How to give advice to Founders

One of the benefits of being a second-time founder is experience. You process and react to things differently. Something that has really hit me as we’ve ventured down this journey is how differently I process people’s feedback this time. The first time round my response was more emotional and existential. It took me much longer to process negative advice and it drained me. This time I register the information I need and move on. As Alban Ivanov says about opinions, “I’m not arrogant, I just know I’m the best”. That sums up Founders well. 

I will borrow a framework that I’ve heard used by military veterans and professional athletes- they refer to people not in the profession as civilians. It is used to refer to people with strong opinions who have never served/played. Calling someone a bad defender because Kevin Durant scored 50 on them is a civi take (because it is incredibly hard to stop KD).

Entrepreneurs are trying to disrupt something, so you need input from civilian “experts” as you explore your idea. The problem is that most civilians don’t have a clue how to provide you the insight and advice you need. This post is meant to help civilians provide advice to entrepreneurs in the most constructive manner.

Let’s start by addressing the primary divide between entrepreneurs and civilians: world view. An entrepreneur sees a problem and is motivated to solve it. Civilians see a problem and, at best, wish someone else would fix it.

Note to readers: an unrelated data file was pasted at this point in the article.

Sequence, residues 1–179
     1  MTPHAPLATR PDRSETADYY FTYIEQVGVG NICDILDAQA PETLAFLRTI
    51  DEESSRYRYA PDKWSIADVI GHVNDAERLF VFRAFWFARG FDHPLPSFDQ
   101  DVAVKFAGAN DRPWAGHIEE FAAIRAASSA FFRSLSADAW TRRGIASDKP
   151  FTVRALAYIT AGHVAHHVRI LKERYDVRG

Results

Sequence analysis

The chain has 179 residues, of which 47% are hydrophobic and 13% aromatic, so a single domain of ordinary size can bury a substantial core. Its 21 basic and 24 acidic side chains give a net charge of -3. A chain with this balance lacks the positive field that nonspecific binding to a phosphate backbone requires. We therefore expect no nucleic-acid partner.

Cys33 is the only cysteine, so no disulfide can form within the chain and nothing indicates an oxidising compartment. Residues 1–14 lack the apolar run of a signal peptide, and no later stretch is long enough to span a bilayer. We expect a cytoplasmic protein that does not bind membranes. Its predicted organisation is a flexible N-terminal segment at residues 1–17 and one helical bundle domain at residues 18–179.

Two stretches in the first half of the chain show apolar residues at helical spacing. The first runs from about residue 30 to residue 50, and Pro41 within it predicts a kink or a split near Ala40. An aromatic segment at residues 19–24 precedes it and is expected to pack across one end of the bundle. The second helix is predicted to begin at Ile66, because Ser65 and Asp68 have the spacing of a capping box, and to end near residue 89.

For example, we spoke with a senior exec knowledgeable about social media marketing and this person talked about the challenges that consumer brands face with increasing acquisition costs. It was hard to not walk away wondering if it was even worth trying. Now, acquisition cost is a real challenge, but if you are dealing with it, then you are likely doing plenty of other things right. Conversely, in another conversation with a Founder, he mentioned the same problem and immediately mentioned Traction as a great resource to think about testing and iterating acquisition channels so that you don’t find yourself over reliant on expensive channels. That second conversation was way more valuable to thinking about how to approach user acquisition than the first.